As briefly mentioned above, a final aspect rich in implications is the role played by the project in the galleries themselves. Including the addresses on the wall labels on one hand disrupted, or rather, redefined a traditional relationship between artwork and its viewer, and secondly, fully integrated the Internet as a central component in the exhibition. As one artist emphasized, the insertion of the e-mail address on the wall label adds new life to a long-standing standard in the techniques of museum display. A document which usually contains nothing more than factual information suddenly gains a certain open-endedness that can powerfully alter the viewer's experience with the work of art itself. Furthermore, the introduction of the universally understood "@" sign into the gallery space highlights the role played by the Internet in the physical experience of the works. No longer a marginal subsidiary to the physical display of the show in the form of an online-only project, the Internet is woven into the fabric of the exhibition itself. In addition to the e-mail addresses, selected texts from the Writers Project, all submitted to the screening committee over e-mail, were on view in the galleries. Interestingly, in her article for FEED magazine, Claire Barliant, noting that Greater New York did not include any artists who use the Web as their chosen medium, names the E-Mail Project as the segment of the exhibition (Barliant, 2000).


Far from flawless, the project gained from its first incarnation several insights as to its limitations and possible improvements. A first limitation is that it may only be possible with relatively emerging artists. Since its success depends on the reliability of the artists to check their e-mail accounts and to respond to any mail, it is difficult to expect that world-renowned artists would be willing to invest the time and energy necessary. Immediately following Greater New York, P.S.1 presented Around 1984: A Look at Art in the Eighties, with artists such as Peter Halley, Jenny Holzer, Julian Schnabel, Sophie Calle, and Anish Kapoor, among others. With very busy schedules and near-celebrity status, these artists would surely not have agreed to maintain an e-mail address. Artists in the beginning of their career, on the other hand, are more likely to take on the responsibility of corresponding with the general public over e-mail on an on-going basis.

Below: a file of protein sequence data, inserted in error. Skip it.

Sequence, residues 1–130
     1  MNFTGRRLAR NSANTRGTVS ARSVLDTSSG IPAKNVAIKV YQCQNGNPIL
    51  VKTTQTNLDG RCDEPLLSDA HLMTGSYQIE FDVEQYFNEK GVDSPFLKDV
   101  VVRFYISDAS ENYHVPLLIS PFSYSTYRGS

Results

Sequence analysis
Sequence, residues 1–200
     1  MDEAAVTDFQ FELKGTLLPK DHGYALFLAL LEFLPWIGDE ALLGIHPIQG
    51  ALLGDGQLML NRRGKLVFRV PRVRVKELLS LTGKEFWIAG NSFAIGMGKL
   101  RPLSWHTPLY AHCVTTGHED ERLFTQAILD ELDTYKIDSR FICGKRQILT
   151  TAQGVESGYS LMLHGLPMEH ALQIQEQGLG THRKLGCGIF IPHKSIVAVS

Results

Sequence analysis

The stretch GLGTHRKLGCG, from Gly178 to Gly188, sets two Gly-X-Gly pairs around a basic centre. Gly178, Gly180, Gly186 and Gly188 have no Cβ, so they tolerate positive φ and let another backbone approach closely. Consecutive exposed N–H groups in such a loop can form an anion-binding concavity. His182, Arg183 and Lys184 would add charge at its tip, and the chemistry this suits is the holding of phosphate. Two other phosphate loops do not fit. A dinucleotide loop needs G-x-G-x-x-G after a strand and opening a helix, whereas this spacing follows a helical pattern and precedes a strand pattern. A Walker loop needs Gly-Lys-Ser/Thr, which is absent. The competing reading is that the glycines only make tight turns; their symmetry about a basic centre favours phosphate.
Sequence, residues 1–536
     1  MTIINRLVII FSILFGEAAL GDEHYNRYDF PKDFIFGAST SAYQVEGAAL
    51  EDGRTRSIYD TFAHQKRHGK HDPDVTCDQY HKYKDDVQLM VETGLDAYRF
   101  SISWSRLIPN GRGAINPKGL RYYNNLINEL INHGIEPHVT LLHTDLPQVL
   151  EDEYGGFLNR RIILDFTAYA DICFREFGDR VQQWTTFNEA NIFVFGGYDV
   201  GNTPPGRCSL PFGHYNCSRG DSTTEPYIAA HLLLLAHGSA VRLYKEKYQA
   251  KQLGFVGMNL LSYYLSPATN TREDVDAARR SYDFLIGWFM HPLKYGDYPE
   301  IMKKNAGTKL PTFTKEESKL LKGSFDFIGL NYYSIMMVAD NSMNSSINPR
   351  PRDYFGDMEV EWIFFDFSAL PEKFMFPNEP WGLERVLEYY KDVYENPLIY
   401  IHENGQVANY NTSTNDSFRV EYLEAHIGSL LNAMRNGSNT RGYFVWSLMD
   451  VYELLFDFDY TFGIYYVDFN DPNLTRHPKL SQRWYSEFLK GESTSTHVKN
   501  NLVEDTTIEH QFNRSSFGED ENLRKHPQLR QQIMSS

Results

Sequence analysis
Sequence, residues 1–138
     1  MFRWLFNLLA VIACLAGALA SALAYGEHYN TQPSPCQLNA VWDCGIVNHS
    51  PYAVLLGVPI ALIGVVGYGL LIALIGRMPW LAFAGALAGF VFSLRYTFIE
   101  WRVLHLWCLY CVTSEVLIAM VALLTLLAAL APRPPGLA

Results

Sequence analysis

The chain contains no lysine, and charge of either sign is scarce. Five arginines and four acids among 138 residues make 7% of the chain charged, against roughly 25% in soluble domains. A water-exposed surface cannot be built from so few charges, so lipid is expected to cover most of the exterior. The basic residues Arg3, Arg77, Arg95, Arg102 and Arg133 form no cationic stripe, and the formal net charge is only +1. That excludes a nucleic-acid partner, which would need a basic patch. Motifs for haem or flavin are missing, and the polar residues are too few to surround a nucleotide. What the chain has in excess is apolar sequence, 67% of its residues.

Another problem lay in the quality and quantity of the e-mail messages themselves. For example, many artists complained of "spam" mail. Artists received dozens of messages from various mailing lists. Some artists took advantage of the network of e-mail addresses to publicize shows of which they were part, and many exhibition announcements were sent out. This problem is one that plagues all e-mail users and seems to be an unfortunate by-product, and one difficult to avoid, of the technology. Also, some artists received significantly more mail than others. With a show of its scale, it was impossible to guarantee that each artist would get an equal number of messages. Perhaps a smaller exhibition would lead to a more equal distribution of correspondence. Additional publicity might also have been helpful. Had the E-Mail Project been announced more formally on the exhibition print materials (press release, brochure, postcards), or even better, had it profited from its own press release or announcement card, it might have attracted more users. Again, the existence of the project was visible on the wall labels, on the Web site, and as a take-away pamphlet in the lobby, and not in any mailed or otherwise distributed materials.